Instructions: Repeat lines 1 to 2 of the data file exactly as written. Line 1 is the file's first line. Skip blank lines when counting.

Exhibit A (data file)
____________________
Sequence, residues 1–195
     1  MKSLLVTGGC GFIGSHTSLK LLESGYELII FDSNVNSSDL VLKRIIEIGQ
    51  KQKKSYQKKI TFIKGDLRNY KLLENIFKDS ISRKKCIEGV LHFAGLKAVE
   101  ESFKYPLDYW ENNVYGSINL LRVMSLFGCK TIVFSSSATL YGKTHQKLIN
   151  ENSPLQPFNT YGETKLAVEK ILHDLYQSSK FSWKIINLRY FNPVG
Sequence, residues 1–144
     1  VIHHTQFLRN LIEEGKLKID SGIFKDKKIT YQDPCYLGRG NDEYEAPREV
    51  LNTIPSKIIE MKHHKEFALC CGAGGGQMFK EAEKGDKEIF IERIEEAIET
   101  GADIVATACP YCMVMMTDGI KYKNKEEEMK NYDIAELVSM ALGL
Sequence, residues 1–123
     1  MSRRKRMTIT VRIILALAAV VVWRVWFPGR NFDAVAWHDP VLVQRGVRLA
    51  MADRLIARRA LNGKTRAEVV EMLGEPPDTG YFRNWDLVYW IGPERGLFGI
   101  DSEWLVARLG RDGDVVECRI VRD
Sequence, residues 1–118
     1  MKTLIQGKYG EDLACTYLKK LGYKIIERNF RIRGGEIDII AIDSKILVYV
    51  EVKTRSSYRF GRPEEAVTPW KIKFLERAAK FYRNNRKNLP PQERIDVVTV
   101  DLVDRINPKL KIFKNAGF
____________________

Sequence, residues 1–195
     1  MKSLLVTGGC GFIGSHTSLK LLESGYELII FDSNVNSSDL VLKRIIEIGQ